While Patrick Peterson is the top defensive back in the draft, I believe that Amukamara will be the better cornerback. What I mean by that is I believe that Amukamara is better than Peterson strictly as a corner. However, Peterson has the ability to move to either safety position, which I do not believe Amukamara can do. What separates Amukamara from Peterson as a cornerback is Amukamara’s ability to completely shout down a receiver. One eye-opening number about Amukamara is that he had zero interceptions in 2010, but there is reasoning behind that. Like Nnamdi Asomugha, Prince Amukamara is the type of corner that will shut down any team’s top receiver. By doing that, teams tend to not throw Amukamara’s way, which limits his chances of recording an interception. If selected by a team with a large need for a cornerback, I expect Amukamara to be a starter as a rookie.
8. Blaine Gabbert, QB, Missouri
Let me start off by saying I do not believe that the Panthers should take Blaine Gabbert with their No.1 pick; however, I believe they will. This year’s quarterback class is fairly deep, but it lacks any quarterbacks that scream franchise quarterback. With that said, Gabbert is at the top of this year’s class, as he is much more pro ready than Cam Newton. I have talked with ESPN’s Kevin Weidl before and he told me one thing to remember when evaluating prospects, stats aren’t everything. Clearly, Gabbert’s stats are not up to par with Cam Newton and Ryan Mallett, but I do believe that he is the one quarterback in this year’s draft that could help change a franchise within two or three years.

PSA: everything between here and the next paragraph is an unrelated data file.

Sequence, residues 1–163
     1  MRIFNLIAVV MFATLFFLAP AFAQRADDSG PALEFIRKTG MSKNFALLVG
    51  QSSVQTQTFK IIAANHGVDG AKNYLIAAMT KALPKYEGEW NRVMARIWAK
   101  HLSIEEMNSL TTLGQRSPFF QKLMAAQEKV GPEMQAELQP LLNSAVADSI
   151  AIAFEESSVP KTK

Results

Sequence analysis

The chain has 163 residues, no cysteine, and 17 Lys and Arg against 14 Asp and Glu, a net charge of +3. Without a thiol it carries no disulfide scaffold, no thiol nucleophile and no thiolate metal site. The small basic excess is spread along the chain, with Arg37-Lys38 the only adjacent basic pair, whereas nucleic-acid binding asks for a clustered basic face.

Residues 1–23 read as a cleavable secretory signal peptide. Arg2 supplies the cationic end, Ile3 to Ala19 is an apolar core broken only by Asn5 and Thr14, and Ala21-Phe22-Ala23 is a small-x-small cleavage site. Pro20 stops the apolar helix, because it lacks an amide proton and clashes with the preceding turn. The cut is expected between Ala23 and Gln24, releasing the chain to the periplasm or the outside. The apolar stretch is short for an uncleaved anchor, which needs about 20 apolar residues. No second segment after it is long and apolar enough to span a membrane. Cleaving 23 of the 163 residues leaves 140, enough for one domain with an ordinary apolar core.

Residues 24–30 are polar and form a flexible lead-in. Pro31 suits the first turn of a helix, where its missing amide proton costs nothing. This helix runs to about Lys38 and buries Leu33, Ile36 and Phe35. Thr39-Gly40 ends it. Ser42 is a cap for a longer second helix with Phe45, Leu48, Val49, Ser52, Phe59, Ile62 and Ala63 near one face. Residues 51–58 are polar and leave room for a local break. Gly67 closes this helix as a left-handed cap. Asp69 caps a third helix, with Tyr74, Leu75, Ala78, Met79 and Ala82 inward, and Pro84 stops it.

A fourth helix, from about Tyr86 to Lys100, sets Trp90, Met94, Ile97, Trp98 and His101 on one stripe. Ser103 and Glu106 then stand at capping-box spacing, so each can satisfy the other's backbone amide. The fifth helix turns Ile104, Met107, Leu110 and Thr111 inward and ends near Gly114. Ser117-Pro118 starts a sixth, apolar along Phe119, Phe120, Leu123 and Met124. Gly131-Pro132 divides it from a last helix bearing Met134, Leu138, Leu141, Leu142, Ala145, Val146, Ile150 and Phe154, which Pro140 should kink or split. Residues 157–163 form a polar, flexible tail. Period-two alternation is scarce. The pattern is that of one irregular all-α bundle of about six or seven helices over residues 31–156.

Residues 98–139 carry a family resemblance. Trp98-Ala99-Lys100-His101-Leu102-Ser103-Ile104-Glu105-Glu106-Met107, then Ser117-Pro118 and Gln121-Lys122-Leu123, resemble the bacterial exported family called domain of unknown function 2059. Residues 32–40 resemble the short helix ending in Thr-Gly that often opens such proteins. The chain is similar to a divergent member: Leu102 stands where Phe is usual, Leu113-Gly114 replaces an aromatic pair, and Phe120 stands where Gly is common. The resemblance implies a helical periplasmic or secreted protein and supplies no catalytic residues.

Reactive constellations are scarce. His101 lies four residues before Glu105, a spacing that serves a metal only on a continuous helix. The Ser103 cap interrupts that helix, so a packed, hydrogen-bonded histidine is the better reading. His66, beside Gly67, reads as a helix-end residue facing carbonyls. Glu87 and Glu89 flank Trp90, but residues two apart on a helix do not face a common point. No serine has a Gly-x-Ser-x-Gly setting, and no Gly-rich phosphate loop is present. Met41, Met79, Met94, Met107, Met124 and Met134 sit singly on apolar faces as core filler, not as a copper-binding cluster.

9. Robert Quinn, DE, North Carolina
Had Robert Quinn played at any point in 2010, then I would likely have him in my top five. However, that year off from football will likely make teams think twice on taking him over a player such as Von Miller, who played all of the 2010 season with superb stats. If Quinn does fall to anywhere from picks 7-11, that team would get the steal of the draft. Many top defensive end prospects are praised for their play as a “high-motor” player, meaning that they never stop until the whistle. Quinn is the epitome of high-motor players, as he is a natural pass-rusher that could consistently get a team 8-12 sacks per year.
10. Julio Jones, WR, Alabama
After the combine, I was tempted to move Jones up to a spot much higher than No. 10. However, it was revealed just days after the combine that Jones was working out with a broken foot that required surgery. While Jones is not necessarily a game-changing player that A.J. Green is, he still is capable of being a productive NFL receiver. If NFL teams believe that he will not have durability issues moving forward, then he will likely not make it past the Washington Redskins, which hold the No. 10 pick.